The second blog post George Couros encouraged us (me) to write was to tell our (my) story. Specifically to tell what one thing we (I) have done differently this year that has changed us (me) as an educator. For me the answer is simple. I got connected.
So what do I mean by that? Before discovering twitter I thought I was connected. I spoke with teachers in my school, and other teachers in my district. I have many friends that are teachers and often our conversations would turn to things that we were doing in our classrooms. I have taught in Canada and Australia so I have experienced two different systems. But, when I joined twitter my previous idea of being connected was literally blown out of the water. While I was connected before I am now SO MUCH MORE connected as an educator.
Twitter has introduced me to educators all around the world. I am now learning and sharing with some truly brilliant people. They are pushing my thinking constantly and I am way more reflective because of it. Take something as simple as this blog. It has helped me document my learning over the course of this year. Just the other day I was reading some of my older posts and I am reminded by how far I have come this year. And I've come this far because I have been connected. I have learned along side with so many others and I am constantly learning new things.
Being connected has given me the strength to try new things - new things that I truly believe are best practice for my students. My strength comes from that fact that even if I am alone at my school or the only one in my school district doing what I'm doing, I am not alone. I have support from my personal learning network. It was Jackie Nelson and Leanne Kolenberg who inspired me to start a class blog. It was Kathy Cassidy that inspired me to get my grade one students blogging. It was Aviva Dunsiger that made me look even closer at the feedback I was providing for my students. Carrie Gelson has helped me look at mentor texts in a whole new way. I love the way Valerie Ruckes and Laura Komos are so passionate about teaching reading and writing. Kassia Omohundro Wedekind helped me relook at my numeracy instruction. Christine Yarzabek, and Angie Harrison inspired me with technology. Vicki Davis and Theresa Allen have helped open my eyes to connecting globally. Sarah Soltau-Heller , Marciel Martel, Kristine Wideen and Jill Kolb inspired me with using google hangout in our classes. Celina Brennan makes me critically think about what I do and why. And of course I have been inspired by the #1stchat and #kinderchat peeps over and over again. These people truly get what it's like to be an early primary teacher. They have inspired me in so many different ways. What's even cooler is that each of these connections have lead to many, many other great connections.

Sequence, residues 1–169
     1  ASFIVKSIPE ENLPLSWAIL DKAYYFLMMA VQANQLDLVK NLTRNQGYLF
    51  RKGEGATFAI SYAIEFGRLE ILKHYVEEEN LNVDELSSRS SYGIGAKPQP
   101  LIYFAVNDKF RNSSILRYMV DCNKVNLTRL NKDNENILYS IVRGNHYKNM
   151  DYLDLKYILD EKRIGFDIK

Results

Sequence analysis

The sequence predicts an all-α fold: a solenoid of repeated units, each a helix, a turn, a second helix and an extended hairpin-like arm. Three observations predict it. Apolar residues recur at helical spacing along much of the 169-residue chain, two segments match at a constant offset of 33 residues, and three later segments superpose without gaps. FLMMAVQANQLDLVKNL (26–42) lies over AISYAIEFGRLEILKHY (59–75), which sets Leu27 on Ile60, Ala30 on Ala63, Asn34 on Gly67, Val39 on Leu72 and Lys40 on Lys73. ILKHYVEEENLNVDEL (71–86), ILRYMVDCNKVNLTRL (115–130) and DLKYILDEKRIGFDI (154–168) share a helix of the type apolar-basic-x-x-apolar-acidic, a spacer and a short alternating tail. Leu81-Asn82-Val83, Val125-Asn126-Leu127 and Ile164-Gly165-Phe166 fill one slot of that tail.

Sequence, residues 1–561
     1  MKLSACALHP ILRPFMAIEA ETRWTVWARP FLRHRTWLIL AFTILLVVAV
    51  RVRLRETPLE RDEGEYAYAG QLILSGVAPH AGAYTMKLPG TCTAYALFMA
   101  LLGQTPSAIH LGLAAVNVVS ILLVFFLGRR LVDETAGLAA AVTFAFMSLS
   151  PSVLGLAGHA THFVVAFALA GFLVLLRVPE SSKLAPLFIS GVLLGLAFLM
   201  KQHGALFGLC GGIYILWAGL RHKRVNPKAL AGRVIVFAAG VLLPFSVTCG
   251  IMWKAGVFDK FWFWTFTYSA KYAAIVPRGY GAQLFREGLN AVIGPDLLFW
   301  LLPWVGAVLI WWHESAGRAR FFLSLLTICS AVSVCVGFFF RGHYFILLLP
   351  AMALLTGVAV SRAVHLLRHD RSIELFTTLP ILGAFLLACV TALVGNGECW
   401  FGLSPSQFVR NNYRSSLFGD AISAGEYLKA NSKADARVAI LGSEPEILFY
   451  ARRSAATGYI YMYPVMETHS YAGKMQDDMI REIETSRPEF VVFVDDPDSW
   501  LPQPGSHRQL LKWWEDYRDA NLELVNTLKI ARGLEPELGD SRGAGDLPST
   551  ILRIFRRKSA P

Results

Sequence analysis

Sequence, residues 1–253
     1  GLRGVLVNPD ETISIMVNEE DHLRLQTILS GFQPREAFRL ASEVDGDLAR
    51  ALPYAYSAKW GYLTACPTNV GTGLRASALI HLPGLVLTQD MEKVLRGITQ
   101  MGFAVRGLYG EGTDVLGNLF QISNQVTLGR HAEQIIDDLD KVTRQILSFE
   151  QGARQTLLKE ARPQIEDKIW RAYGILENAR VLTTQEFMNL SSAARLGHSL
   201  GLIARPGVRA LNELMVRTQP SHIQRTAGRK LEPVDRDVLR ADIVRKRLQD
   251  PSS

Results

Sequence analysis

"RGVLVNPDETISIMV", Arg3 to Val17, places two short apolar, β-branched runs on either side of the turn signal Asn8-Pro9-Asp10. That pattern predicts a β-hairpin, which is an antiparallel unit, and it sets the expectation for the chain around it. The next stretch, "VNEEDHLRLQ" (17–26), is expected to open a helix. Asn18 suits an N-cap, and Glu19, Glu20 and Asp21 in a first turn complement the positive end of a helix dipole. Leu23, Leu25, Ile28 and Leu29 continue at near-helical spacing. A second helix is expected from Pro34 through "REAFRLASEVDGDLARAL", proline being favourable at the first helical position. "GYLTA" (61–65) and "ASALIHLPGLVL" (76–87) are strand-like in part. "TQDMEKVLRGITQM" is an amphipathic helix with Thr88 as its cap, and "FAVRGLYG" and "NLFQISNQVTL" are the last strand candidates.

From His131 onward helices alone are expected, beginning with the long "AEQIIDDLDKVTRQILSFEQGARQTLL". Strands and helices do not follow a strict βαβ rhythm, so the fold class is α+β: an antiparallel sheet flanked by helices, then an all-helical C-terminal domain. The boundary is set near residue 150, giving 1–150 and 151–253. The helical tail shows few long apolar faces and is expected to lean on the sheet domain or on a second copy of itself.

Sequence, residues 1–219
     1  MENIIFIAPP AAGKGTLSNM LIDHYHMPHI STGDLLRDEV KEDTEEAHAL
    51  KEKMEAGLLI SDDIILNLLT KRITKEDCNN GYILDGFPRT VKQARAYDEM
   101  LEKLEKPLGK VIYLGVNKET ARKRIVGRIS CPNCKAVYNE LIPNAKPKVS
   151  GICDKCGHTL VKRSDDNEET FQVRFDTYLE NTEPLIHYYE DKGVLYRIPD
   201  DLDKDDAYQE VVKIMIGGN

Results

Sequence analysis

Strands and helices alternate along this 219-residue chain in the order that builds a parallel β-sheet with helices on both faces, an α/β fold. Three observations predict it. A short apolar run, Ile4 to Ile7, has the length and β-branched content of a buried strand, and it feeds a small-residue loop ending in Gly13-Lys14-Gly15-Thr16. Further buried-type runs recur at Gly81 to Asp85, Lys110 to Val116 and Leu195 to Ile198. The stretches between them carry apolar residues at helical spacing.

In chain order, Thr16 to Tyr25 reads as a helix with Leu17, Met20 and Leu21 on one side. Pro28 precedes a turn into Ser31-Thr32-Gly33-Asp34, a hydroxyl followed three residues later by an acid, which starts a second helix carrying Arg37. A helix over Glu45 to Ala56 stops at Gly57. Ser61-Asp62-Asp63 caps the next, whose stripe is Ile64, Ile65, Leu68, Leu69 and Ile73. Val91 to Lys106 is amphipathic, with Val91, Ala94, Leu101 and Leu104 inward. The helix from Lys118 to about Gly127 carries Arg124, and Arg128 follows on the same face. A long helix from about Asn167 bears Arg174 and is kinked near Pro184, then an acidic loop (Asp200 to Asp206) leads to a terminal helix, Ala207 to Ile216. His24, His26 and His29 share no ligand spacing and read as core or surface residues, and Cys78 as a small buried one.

I have also connected with app and website creators, and I've used those connections to suggest changes and improvements for their products.
I have also taken many of these connections off line and into the real world. To begin with I now have genuine connections with the helping teachers in my district. While in the past I knew who some of them were, I now feel as though I know them personally, and they know me a bit better too. I am very thankful for that.
I have attended workshops that have been put on by incredible educators such as Alec and George Couros, David Warlick, Adrienne Gear, and Joan and Gail - the two sisters behind the Daily Five. I have skyped, google hung out, and face timed with many of these people too. I have met Gallit Zvi, Hugh McDonald, Robyn Thiessen, Lora Sarchet, Niki Leech, Michelle Hiebert, Carrie Gelson and may others through district opportunties, edcamps, tweet ups, and just plain old coffee dates.
I want to meet more of my personal learning network (PLN) face to face this summer. I am planning to attend #edcampkinder in Las Vegas to meet and interact with the incredible #kinderchat people. I am hoping to meet up with some of #1stchat crew while I'm in New York. I am also attending Unplug'd in Ontario later this summer and will have some truly authentic connections as we unplug from technology and share our stories with one another.
To all those I have connected with this year I thank you. There are far too many of you to name individually but please know that you have made me a better educator just by taking the time to share your learning, and comment on mine. I can't wait to see what else I am going to learn from you this year.
So that's my story. Being connectted has above any thing else I've done this year, changed me as an educator. What's your story? I'd love to hear it.
This is a wonderfully open and reflective post. If anyone asks why should I engage in Twitter, I'll direct them to thus entry.ReplyDelete
Your summer travel plans sound incredible. I'm looking forward to meeting you face to face in Ontario. Thanks for connecting, reflecting and sharing your journey.
Angie some may say that I'm a bit of twitter addict but I can't praise it enough. I love to learn - always have - and twitter is learning on steroids if you use to to its potential. I am also really looking forward to meeting you face to face this summer too. I'm in for quite a ride. Thanks for being a part of my journey. It's only going to get better.Delete